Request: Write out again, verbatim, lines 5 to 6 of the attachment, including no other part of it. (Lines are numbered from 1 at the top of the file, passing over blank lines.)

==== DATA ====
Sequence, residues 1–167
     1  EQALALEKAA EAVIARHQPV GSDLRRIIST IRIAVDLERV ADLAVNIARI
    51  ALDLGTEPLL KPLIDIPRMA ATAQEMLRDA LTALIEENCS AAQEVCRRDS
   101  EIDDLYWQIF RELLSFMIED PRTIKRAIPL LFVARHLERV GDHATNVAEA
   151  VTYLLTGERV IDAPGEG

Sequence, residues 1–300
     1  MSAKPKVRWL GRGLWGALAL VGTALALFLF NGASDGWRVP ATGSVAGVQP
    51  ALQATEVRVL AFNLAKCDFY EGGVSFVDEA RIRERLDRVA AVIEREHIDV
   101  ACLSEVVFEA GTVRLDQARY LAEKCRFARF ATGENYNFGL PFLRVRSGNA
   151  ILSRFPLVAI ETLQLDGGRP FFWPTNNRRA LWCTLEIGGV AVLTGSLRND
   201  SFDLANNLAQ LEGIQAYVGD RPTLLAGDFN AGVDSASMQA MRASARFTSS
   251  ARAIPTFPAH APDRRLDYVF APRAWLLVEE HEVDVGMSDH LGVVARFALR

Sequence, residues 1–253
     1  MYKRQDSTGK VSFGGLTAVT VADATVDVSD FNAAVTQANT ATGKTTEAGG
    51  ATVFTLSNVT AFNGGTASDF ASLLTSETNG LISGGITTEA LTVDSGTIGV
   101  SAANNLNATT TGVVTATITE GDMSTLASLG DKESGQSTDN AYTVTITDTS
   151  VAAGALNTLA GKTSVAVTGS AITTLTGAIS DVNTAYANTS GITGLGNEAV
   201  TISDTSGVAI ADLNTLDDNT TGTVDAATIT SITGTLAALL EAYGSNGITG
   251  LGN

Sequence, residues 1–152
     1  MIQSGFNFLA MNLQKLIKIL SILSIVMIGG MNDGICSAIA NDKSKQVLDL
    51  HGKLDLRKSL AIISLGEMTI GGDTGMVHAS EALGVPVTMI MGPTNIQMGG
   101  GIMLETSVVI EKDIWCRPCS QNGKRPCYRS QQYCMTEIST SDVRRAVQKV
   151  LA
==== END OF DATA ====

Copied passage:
   151  VTYLLTGERV IDAPGEG

Sequence, residues 1–300